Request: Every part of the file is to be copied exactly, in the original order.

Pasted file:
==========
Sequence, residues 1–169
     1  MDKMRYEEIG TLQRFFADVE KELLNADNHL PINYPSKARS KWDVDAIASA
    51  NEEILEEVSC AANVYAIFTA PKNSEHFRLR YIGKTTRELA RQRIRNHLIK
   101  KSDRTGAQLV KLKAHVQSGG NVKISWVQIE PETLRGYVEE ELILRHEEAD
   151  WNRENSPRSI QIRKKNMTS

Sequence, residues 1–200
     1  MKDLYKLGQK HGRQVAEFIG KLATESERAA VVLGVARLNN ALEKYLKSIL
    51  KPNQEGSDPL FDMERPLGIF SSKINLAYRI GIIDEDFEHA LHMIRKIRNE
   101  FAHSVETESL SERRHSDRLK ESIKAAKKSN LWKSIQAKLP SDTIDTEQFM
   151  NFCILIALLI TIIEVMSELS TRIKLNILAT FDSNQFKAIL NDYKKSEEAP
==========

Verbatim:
Sequence, residues 1–169
     1  MDKMRYEEIG TLQRFFADVE KELLNADNHL PINYPSKARS KWDVDAIASA
    51  NEEILEEVSC AANVYAIFTA PKNSEHFRLR YIGKTTRELA RQRIRNHLIK
   101  KSDRTGAQLV KLKAHVQSGG NVKISWVQIE PETLRGYVEE ELILRHEEAD
   151  WNRENSPRSI QIRKKNMTS

Sequence, residues 1–200
     1  MKDLYKLGQK HGRQVAEFIG KLATESERAA VVLGVARLNN ALEKYLKSIL
    51  KPNQEGSDPL FDMERPLGIF SSKINLAYRI GIIDEDFEHA LHMIRKIRNE
   101  FAHSVETESL SERRHSDRLK ESIKAAKKSN LWKSIQAKLP SDTIDTEQFM
   151  NFCILIALLI TIIEVMSELS TRIKLNILAT FDSNQFKAIL NDYKKSEEAP